Notwithstanding protests by its proponents to the contrary, the intelligent design movement is a rebellion against modern science. Scientists look for natural explanations for natural phenomena. Their best explanations, if they survive rigorous testing, become scientific theories.
The argument for intelligent design, in contrast, stands or falls as a critique of science. Its proponents may challenge the sufficiency of evolutionary explanations for the origin of species, but they have not — and cannot — offer testable alternative explanations. The best they can offer is the premise that, if no natural explanation suffices, then God must have done it. Maybe God did do it, but if so, it's beyond science.
This is where lots of people would like to be: beyond science. There is little solace in science for members of a species that seek meaning above all. We arose from the muck by chance and through a struggle for existence. We will return to the dust knowing that everything that can remember us or be influenced by our efforts ultimately will end. Life passes from darkness to darkness with fleeting patches of light along the way.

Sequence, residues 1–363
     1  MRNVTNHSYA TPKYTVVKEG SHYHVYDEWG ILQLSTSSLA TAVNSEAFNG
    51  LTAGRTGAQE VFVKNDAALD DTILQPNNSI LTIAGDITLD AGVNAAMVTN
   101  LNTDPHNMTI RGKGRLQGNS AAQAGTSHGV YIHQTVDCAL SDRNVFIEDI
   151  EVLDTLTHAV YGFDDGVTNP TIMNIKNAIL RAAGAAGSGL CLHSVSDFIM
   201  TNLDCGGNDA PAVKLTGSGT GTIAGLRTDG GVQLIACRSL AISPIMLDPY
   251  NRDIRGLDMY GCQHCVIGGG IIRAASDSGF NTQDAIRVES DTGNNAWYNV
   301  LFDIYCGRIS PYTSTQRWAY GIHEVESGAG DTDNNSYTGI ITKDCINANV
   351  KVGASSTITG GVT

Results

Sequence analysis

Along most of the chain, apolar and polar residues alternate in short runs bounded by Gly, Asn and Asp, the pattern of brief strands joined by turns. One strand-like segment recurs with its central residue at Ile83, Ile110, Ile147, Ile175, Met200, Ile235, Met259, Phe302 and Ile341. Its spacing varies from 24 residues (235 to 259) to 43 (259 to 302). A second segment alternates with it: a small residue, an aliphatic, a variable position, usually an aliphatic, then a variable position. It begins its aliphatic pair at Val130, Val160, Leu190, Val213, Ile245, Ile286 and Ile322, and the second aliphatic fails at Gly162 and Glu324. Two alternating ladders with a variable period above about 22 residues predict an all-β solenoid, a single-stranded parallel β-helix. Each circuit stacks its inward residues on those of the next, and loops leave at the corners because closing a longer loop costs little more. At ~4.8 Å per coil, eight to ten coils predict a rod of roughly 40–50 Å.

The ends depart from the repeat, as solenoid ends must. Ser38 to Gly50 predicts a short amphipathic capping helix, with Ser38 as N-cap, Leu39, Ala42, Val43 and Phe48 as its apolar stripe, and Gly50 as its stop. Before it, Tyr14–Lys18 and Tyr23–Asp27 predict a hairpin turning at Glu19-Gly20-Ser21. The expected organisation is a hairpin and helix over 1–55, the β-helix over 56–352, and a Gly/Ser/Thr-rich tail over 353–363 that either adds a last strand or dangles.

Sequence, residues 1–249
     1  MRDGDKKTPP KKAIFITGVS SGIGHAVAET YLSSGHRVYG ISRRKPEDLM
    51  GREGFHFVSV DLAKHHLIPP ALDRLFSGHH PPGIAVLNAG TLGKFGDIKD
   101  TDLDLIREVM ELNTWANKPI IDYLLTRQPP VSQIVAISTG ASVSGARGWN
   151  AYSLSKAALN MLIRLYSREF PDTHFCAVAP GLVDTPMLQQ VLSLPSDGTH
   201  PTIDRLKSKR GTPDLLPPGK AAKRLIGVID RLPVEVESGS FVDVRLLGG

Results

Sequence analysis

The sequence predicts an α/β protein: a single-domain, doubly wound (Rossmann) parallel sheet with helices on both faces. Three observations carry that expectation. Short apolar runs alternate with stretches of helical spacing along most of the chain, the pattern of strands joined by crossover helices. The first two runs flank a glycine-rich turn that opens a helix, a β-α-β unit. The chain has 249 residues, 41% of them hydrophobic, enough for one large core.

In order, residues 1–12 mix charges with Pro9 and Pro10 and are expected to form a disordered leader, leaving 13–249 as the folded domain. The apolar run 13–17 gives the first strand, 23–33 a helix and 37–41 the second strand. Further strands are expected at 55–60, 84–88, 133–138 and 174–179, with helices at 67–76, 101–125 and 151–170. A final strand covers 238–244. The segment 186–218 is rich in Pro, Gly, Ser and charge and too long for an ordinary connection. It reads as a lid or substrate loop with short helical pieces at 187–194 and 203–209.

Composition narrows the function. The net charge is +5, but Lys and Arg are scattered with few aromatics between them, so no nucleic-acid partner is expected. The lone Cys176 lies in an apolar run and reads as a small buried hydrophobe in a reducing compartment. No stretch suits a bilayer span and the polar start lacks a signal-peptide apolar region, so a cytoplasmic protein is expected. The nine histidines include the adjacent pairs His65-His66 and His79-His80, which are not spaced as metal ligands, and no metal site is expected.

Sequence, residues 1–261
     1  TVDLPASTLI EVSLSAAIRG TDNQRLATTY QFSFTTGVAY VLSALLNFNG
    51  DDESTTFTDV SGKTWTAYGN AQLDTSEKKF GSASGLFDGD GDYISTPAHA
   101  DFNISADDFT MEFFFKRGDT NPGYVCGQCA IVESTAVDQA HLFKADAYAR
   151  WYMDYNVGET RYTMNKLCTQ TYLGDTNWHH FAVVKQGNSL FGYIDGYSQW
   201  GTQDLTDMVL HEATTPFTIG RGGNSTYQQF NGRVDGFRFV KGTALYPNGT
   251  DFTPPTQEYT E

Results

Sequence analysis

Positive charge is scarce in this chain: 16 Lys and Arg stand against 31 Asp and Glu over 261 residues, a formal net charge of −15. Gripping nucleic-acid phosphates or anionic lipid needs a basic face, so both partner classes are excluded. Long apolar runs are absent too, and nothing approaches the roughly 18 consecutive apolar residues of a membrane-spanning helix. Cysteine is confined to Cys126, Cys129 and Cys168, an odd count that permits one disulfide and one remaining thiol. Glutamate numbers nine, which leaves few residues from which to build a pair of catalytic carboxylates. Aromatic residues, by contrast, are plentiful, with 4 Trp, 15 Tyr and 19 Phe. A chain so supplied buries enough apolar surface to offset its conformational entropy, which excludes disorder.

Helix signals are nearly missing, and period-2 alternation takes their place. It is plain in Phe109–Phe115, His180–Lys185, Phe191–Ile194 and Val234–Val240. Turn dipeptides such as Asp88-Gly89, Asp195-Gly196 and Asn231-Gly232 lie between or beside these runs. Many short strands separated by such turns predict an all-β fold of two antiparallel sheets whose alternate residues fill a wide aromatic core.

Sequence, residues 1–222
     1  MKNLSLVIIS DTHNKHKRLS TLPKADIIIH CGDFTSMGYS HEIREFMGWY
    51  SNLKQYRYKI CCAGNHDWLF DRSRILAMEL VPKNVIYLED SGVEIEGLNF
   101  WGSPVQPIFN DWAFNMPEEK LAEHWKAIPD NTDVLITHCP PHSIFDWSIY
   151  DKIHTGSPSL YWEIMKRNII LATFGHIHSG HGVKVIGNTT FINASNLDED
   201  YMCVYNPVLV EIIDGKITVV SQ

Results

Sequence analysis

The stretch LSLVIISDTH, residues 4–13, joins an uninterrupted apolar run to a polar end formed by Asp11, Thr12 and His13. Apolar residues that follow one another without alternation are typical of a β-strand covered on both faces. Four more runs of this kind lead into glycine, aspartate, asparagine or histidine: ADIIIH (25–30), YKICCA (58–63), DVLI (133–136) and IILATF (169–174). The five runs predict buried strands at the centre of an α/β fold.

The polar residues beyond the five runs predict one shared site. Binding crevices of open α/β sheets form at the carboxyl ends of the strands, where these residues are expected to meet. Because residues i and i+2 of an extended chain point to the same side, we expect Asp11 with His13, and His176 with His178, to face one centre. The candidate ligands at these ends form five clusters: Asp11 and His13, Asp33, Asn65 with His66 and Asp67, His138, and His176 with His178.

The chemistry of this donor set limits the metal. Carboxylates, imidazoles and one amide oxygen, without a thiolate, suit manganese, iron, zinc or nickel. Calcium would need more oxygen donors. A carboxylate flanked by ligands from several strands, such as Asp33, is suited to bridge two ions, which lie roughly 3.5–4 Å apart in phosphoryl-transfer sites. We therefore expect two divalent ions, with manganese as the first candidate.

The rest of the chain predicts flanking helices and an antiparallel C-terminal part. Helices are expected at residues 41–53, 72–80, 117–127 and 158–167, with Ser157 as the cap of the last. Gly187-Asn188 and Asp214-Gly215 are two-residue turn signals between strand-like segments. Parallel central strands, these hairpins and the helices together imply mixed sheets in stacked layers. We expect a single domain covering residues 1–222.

The intelligent design hypothesis posits that we came from a designer who transcends nature's limits and offers us hope that we will live beyond those limits someday. We pass from light to light with bits of darkness only in this world.
If given only these two alternatives, then it should come as little surprise which of them many Americans choose to believe and want to teach to their children — especially now that credentialed academics associated with the ID movement have given them some reasons to doubt Darwinism.
Twenty-five years ago, President Reagan offered voters morning for America in place of President Carter's vision of a national malaise. Voters chose Reagan in a landslide. Now President Bush wants schools to offer morning for eternity alongside Darwinism. If we took a popular vote, I suspect that ID would win in many places.